Edward Burwell, 1917
Charles Byerly, 1913
Frederick Byerly, 1908
William Calkins, 1915
John Cardin, 1912
Malcom Chandler, 1918
Lloyd Clifford, 1913
Carrol Crawford, 1911
Leslie Crockett, 1913
Louis Crockett, 1918
Joseph Dailey, 1911
Clifford Daniels, 1914
Edwin Davis, 1916
Leonard Davis, 1913
Theodore Demeter, 1916, Killed in Action
Earle Devoe, 1917
Clarence Dietmeier, 1912
Homer Dietmeier, 1914
Carl Dippell, 1911
Lawrence Dippell, 1915
John Doughtery, 1918
Dewey Eder, 1916
Roman Edler, 1917
William Edmundson, 1914
Clark Eichelberger, 1914
Noel Elvey, 1915
Dwight Emerick, 1916
William Ennenga, 1916
Elmo Eson, 1916, Died of Spanish Influenza
James Ewing, 1911
Lawrence Fisher, 1913
Ralph Fischer, 1911
James Fitzpatrick, 1915
Torrey Foy, 1915
Chester Francis, 1918
Paul Frisbie, 1917
Dick Fry, 1910
Byron Fulwider, 1912
James Fulwider, 1915
Wilber Goddard, 1911
Ulysses Goddard, 1906
Earl Grace, 1912
David Graham, 1906
Herbert Grattelo, 1913
John Gray, 1910
Lloyd Gray, 1912
Marion Gray, 1916
George Green, 1906
Ralph Grossman, 1911
Julius Guhl, 1915
Marvin Guhl, 1914
Roy Guhl, 1916
Lloyd Haase, 1915
Donald Hanke, 1916
Harry Hanke, 1906
James Harpster, 1918
John Hart, 1914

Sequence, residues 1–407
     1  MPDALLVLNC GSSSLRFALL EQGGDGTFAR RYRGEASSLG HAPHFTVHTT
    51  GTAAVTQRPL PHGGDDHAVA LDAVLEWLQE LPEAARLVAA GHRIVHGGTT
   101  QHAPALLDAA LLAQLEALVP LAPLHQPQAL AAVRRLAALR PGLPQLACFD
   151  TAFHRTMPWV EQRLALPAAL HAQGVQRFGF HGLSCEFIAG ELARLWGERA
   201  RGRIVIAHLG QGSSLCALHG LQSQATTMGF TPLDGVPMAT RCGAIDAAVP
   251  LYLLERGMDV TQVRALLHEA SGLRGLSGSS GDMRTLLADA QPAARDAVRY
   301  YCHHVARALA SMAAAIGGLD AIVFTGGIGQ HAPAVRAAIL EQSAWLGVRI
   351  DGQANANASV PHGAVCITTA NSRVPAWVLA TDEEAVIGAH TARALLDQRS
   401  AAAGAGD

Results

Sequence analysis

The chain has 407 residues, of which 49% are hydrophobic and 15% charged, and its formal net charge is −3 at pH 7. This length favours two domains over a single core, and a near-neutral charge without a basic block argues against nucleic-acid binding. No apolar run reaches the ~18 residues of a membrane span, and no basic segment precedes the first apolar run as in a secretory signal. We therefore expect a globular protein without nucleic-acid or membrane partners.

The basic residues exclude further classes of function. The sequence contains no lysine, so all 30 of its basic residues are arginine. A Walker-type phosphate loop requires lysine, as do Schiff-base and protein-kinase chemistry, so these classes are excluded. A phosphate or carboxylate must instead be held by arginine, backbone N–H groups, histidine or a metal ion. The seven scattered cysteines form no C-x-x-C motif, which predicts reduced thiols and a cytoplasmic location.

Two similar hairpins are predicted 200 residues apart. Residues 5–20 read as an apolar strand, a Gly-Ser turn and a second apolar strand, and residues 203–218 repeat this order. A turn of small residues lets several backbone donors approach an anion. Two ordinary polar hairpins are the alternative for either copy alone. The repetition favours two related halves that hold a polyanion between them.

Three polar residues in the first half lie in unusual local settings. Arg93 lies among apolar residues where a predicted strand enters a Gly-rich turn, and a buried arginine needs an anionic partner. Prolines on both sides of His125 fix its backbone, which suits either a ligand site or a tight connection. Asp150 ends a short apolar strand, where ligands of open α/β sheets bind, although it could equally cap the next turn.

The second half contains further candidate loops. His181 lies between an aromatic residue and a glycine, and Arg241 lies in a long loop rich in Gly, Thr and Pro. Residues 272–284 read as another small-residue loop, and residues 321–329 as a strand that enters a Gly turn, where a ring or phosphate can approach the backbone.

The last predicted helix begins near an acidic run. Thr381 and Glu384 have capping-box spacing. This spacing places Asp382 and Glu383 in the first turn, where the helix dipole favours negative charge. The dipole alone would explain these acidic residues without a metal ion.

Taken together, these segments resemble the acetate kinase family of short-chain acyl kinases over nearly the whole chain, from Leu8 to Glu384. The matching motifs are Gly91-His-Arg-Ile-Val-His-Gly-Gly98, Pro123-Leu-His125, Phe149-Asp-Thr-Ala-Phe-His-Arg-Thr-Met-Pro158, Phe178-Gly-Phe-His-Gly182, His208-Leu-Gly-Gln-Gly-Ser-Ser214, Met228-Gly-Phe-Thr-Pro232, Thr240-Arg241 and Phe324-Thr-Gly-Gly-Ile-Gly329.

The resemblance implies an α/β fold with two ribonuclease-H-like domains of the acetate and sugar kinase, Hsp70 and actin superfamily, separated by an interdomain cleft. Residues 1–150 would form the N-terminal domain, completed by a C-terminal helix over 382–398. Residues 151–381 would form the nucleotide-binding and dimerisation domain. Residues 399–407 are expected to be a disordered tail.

James Hea, 1914
Roswell Herrick, 1918
Boyd Hill, 1916
Oscar Hill, 1915
Herbert Hime, 1905
Merrill Hoefer, 1914
Karl Hoffman, 1915
Harry Hoy, 1907
Harry Hoyman, 1911
Fred Jansen, 1914
Frederick Jungkunz, 1912
William Jungkunz, 1913
Stanley Kahl, 1917
Vernan Kahl, 1912
George Kleckner, 1916
Hugh Kleckner, 1913
Vernon Klontz, 1913
Leon Knipschild, 1918
Russel Knobel, 1915
Russel Knott, 1916
Henry Knoz, 1916
Leo Koehler, 1915
Edwin Krape, 1914
Homer Kuhlemeyer, 1918
I believe that George Dewey Lipscomb was the first black person to graduate from Freeport High School. He is the only non-white in the 1919 Polaris from any graduation class. But he was not the first black to attend Freeport schools. Black Abe attended the first Freeport school in 1843. There were no "graduates" before 1863, so Black Abe never graduated.
Robert Langenstein, 1913, Killed in Action
Earl Lawver, 1911
Hobart Lebkicker, 1909
Charles Lee, 1912
Arthur Lentz, 1913
Henry Lichtenberger, 1913
Roy Liephart, 1910
Harry Liggett, 1915
George Lipscomb, 1917
Harry Ludwig, 1915
Charles Markel, 1913
Elmer McCool, 1913
Clarence Mease, 1911
Harry Myers, 1917
John Nagle, 1912
Charles Neuberger, 1917
Walter Nolting, 1906
Dan Owens, 1916
Kent Owens, 1911
Wilbur Partridge, 1918
Lloyd Pfeil, 1918
Two of the three women FHS grads who served in the war are shown. The other is Susan B. Rosenstiel.
Rawleigh, son of the founder of Freeport's largest factory, died from Spanish Influenza while stationed at the Great Lakes Naval Training Station.
Bert Prall, 1913
Myrtle Prall, 1914
W. T. Rawleigh, Jr., 1914, Died of Spanish Influenza
George Rideout, 1914
John Riner, 1903
Ralph Ritzman, 1911
Harold Roche, 1918
Lawrence Rockey, 1918
Merton Rogers, 1915
Susan B. Rosenstiel, 1900, Red Cross Nurse
Leo Rowen, 1917
Edwin Ryan, 1913
Francis Ryan, 1912
Clarence Scanlan, 1917
Franklin Secker, 1918
Newel Sensanbaugh, 1913
Kurt Siecke, 1913
Reint Sluiter, 1915
Dwight Smith, 1907
Paul Smith, 1915